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Lent 4B  2012

Please, Can we have our Gospel back?
(John 3:14-21)

by Elisabeth R. Jones

If there’s one Bible verse that stands out in the English speaking world as the most well-known, it is John 3:16.
Drive a US highway and you’ll see it on a billboard.
Turn on a TV for a major American sporting event and you’ll see young and old waving placards with it behind the pitcher’s mound or between the goal posts. Footballer John Tebow famously painted it on his cheeks for the Superbowl.

It’s assumed that you know what “John 3:16” is, and many of us do: it’s been a staple of Bible memorization in Sunday and public schools of an earlier generation, choristers have been weaned on Stainer’s unforgettable version (heard this morning):
For God so loved the world
that He gave his only begotten Son
that whosoever believeth in him
should not perish but have everlasting life (KJV)

This one verse has been called “the Gospel in a nutshell” 1 a problematic claim if ever there was one, because in this post 9/11 21st century, this single verse has become the flag marking a widening tectonic fault-line within the Christian faith. For some, many in fact, within born-again and evangelical Christian circles the verse is the ultimate litmus test: by its formula it separates – and saves – those who “believe in him” from those who, not believing, will perish.

There are many who would have you believe that this is precisely and only what this text means.
Trouble is, it doesn’t “only” or “precisely” mean this.
Scripture never does mean only one precise thing, but at its liveliest, most life-giving, Scripture cannot be contained to one, precise, literal meaning. Which is the first problem with this text. If somehow, you don’t believe this, or feel yourself excluded by this litmus test interpretation, is it really “Gospel” or “Good News” for you (us?)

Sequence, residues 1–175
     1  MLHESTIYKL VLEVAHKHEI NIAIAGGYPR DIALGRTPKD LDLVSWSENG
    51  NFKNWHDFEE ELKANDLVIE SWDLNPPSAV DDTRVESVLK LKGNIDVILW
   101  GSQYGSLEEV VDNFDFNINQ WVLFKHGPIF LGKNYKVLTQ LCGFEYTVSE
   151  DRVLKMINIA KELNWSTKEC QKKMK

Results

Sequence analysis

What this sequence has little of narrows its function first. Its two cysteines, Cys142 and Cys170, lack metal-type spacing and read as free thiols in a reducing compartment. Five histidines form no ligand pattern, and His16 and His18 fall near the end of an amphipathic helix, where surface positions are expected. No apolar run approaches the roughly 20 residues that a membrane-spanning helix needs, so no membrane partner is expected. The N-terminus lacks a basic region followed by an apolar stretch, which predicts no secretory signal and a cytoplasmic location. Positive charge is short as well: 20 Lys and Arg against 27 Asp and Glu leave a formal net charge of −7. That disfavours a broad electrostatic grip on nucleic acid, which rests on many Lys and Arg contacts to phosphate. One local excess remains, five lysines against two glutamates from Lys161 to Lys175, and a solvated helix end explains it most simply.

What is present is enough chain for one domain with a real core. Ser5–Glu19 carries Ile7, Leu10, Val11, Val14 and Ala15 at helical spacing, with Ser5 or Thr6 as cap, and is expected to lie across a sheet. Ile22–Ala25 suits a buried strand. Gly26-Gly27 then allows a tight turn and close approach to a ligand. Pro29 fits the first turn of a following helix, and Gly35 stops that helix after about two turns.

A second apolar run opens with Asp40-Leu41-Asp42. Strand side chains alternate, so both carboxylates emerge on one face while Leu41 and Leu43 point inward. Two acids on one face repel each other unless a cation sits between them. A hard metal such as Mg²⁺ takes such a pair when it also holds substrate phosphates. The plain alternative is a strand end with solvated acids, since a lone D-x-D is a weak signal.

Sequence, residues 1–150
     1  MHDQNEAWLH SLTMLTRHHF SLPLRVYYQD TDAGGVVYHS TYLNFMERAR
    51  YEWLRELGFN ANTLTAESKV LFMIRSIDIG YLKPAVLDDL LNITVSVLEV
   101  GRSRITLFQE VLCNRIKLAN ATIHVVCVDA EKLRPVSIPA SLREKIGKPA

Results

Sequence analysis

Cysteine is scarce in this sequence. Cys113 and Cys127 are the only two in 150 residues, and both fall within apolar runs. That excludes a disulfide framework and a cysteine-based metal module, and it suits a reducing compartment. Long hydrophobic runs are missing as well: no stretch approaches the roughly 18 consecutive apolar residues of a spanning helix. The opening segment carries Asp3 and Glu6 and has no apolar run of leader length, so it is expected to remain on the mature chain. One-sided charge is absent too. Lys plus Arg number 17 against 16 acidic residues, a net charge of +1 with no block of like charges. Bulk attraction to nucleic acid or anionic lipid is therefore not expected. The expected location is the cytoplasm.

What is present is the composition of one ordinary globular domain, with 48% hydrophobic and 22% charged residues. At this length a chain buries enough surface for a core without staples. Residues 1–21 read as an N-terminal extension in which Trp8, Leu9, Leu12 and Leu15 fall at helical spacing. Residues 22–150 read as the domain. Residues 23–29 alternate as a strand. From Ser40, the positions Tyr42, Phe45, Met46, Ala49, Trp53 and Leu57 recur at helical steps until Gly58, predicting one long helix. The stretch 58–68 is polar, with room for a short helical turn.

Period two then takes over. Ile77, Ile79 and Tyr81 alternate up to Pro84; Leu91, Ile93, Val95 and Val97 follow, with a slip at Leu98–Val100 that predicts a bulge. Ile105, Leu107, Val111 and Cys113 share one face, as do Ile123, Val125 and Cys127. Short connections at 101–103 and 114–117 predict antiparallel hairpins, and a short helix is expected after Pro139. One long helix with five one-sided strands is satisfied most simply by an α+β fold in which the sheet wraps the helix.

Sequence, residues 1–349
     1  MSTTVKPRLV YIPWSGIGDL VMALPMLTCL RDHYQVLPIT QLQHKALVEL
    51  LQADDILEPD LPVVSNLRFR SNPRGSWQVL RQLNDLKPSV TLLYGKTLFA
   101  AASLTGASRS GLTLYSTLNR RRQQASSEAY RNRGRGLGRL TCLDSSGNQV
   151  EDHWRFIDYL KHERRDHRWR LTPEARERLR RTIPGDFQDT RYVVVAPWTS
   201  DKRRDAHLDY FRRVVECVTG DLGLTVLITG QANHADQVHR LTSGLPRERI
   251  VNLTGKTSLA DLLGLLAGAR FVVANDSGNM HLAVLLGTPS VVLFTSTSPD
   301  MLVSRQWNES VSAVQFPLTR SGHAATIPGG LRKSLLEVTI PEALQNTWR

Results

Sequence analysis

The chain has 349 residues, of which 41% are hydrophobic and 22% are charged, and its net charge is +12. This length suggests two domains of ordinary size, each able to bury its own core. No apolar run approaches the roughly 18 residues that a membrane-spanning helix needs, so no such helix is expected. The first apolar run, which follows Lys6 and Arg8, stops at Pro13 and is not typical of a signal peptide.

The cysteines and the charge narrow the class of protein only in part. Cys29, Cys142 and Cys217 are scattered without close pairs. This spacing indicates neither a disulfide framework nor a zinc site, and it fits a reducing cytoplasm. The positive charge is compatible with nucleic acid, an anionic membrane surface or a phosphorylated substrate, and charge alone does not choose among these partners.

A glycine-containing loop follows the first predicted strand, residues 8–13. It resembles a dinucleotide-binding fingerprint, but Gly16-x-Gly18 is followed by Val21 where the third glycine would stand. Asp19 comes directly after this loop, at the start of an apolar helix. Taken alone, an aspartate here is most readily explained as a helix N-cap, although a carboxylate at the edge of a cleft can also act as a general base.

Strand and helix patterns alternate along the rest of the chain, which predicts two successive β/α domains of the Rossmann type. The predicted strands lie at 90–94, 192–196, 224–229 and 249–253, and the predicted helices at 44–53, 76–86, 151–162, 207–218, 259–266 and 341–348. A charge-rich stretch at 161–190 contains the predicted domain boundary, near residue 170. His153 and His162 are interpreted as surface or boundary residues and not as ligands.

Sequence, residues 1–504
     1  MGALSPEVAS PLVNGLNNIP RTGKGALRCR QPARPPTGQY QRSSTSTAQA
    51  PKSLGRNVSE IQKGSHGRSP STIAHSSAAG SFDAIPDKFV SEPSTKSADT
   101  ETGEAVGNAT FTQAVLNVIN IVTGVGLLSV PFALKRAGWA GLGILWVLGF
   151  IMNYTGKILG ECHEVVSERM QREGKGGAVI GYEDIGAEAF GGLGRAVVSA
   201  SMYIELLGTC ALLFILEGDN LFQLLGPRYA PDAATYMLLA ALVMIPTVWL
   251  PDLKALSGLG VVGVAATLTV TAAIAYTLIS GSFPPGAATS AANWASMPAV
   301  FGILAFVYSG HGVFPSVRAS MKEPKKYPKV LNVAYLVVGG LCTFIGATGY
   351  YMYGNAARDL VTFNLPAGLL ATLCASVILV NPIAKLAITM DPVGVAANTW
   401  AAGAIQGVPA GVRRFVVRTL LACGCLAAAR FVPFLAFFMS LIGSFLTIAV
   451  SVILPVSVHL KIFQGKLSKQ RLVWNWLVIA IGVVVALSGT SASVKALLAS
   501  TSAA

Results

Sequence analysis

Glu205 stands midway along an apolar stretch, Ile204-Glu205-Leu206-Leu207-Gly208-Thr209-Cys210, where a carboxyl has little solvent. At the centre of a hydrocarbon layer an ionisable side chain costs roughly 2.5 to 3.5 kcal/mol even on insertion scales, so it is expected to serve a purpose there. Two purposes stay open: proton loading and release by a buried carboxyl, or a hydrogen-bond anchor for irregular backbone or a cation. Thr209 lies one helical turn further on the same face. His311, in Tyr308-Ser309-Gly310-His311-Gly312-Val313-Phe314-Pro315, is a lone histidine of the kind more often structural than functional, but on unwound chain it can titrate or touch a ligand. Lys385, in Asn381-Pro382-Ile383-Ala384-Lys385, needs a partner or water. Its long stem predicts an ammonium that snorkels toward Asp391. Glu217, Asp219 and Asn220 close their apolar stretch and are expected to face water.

The second problem is that when you take as ‘literal’ or ‘precise’ or singular in meaning not just the original Greek, but a 17th century English translation thereof, you’re skating on very thin ice.

I’m not going to go into all the examples here – I’ve done that on the blog, but to give you just one example:
When in 1611 the KJV translated the opening phrase as ‘God so loved the world’ it didn’t then mean – as it does now – God loved the world “SOOOOOOO much” but rather “God loved the world in this way.”
Now that opens up a whole host of possibilities, not just one.

Similar issues arise with the word “gave,” and “believe,” but let’s not get sidetracked.

Instead let’s get to the third problem with this text, the big elephant in the room.
“God loved so much that” …… what? God is prepared to have his (yes his) son sacrificed for your sins, so that you won’t perish, or be condemned.

Errm, did you see sins in this text?
or even the substitution of this son on a cross for those sins?
No, I don’t either. It’s not there. It’s read into this verse so often, so completely, and it’s what’s intended when you see those highway signs, and sports arena placards, but it’s not there. But tell that to the placard wavers. We’d be forgiven for saying, “If that’s the so-called Gospel of this text, you can keep it.”

But darn it, it’s not, and I want the Gospel of this text back!
Now, it’s not an easy text, it’s elusive and problematic at a number of places, not the least being the Gospel writer John’s suspicion of the “world outside” born out of his context within a tiny persecuted community, which creeps in around the edges of the central message of Jesus he is commissioned to portray.